Coffin Texts

The Coffin Text Photography Project was conducted by the late Harold M. Hays in the beginning of 2008. I was involved as a student assistant to scan and organize the c. 1900 photos of coffins with Coffin Texts. To access the images, go through the following steps:

Note: Pending funding for a follow-up project, the photos are unfortunately not accessible at the moment.

  • Go to https://socrates.leidenuniv.nl/
  • Log in using your ULCN account (access has been restricted to Leiden University staff and students)
  • Select the collection ‘Egyptian Mortuary Texts’
  • Search for any of the following phrases:

A1C
Akh1C
B1C – B20C
B1Bo – B7Bo
B2Be
B1L – B4L
B1Y
BH1Br
BH1C, BH4C – BH6C
D1C
G1T – G2T
Gi1Bo
Kh1Kh
L1NY
M1C – M12C, M14C – M36C (M29C – M36C are fragments), M57C
M1NY – M3NY
Me1C
MC105
PGardII
PGardIV
S1C – S18C
S1Tü
Sid2X – Sid3X
Sq1C – Sq12C
Sq1Ch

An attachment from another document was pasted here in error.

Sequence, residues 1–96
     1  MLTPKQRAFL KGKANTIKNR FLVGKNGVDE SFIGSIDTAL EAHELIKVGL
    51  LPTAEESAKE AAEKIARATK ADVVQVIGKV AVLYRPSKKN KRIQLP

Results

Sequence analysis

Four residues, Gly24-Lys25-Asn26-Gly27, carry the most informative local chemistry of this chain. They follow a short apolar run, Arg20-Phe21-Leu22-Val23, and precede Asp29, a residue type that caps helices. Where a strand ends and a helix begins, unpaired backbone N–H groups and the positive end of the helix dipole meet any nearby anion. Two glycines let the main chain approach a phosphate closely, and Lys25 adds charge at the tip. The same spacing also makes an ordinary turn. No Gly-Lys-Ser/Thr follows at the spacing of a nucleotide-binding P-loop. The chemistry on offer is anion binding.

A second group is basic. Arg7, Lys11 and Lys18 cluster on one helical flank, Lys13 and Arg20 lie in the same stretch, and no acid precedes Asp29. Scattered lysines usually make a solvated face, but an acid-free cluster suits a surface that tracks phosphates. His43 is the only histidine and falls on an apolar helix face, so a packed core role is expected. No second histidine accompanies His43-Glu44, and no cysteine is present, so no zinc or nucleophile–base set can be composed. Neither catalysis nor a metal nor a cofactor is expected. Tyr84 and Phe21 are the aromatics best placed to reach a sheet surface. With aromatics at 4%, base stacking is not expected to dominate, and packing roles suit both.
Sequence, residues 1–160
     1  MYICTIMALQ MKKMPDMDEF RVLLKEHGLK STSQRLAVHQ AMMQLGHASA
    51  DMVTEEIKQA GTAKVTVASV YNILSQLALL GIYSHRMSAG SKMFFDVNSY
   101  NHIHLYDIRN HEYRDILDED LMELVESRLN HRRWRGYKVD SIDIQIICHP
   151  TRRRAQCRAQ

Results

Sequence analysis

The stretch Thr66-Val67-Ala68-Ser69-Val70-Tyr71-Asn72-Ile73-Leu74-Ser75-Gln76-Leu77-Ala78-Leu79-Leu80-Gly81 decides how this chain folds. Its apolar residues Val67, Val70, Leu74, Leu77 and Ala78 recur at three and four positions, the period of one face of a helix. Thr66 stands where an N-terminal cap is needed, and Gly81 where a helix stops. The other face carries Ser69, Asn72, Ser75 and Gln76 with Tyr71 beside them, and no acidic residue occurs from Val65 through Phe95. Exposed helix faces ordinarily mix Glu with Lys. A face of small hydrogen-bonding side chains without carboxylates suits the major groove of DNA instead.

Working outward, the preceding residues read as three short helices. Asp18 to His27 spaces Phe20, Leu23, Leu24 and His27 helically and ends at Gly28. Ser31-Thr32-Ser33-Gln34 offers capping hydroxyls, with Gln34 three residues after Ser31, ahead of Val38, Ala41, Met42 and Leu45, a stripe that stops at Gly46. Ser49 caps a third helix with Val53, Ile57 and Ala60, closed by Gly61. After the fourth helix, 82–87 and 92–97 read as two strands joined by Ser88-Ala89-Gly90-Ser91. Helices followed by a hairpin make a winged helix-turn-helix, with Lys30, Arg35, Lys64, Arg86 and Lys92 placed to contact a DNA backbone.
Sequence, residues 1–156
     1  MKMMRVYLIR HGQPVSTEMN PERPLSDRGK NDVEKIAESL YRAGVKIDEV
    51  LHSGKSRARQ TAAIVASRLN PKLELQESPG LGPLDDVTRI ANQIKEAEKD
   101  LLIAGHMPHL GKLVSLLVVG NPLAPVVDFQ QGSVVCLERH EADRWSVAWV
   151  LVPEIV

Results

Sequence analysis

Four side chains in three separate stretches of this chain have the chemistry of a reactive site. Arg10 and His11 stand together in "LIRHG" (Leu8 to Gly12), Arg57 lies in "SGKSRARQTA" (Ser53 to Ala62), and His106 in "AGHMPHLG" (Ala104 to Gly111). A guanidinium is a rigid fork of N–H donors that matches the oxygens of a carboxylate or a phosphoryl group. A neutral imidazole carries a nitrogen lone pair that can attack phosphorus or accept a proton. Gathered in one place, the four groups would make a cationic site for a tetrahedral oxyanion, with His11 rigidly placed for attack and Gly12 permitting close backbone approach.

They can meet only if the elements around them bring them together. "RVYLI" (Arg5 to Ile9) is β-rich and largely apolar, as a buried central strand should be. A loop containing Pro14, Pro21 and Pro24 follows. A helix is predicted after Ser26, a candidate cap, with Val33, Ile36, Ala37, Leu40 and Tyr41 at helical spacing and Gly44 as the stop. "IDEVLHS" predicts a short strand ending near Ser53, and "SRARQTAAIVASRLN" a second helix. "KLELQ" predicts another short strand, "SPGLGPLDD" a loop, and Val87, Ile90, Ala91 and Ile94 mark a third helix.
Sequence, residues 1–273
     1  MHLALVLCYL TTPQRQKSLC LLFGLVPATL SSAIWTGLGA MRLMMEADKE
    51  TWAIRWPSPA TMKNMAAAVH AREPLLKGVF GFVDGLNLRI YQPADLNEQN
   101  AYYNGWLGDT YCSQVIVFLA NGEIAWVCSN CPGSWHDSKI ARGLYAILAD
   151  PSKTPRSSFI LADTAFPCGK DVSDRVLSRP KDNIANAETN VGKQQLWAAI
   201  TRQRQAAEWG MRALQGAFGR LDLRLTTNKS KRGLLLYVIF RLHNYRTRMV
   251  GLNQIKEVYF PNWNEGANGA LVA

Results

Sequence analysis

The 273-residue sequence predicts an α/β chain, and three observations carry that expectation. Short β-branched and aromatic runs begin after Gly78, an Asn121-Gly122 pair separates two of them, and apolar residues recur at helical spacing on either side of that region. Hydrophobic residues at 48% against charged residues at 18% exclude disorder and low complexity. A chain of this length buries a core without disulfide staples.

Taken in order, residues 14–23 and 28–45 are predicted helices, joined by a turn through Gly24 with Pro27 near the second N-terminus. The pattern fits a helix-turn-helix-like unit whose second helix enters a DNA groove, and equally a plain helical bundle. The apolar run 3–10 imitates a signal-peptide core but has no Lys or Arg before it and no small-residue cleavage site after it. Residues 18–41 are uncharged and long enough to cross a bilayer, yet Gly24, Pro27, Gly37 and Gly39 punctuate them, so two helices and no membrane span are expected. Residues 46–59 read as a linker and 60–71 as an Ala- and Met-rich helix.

T1C, T3C, T6C – T12C
T2L – T3L
T1NY
TT240
TT319
X3C
Unident2 – Unident4
Nu
O1 – O11 (ostraca)

The first letters usually stand for the provenance, e.g. B = Barsha, S = Assyut.
The letters at the end refer to the museum in which the coffin now resides, e.g. C = Cairo, Bo = Boston.

Two images show how these coffins were documented in the Egyptian Museum:

  • Cairo, Egypt: John Hartman photographing hieroglyphic inscriptions on coffins in the Egyptian Museum, 1922-1923
  • Cairo, Egypt: Copying coffin texts in the Egyptian Museum, 1923

You can find them by searching for the above phrases.

coffins_small

 Cairo, Egypt: Copying coffin texts in the Egyptian Museum, 1923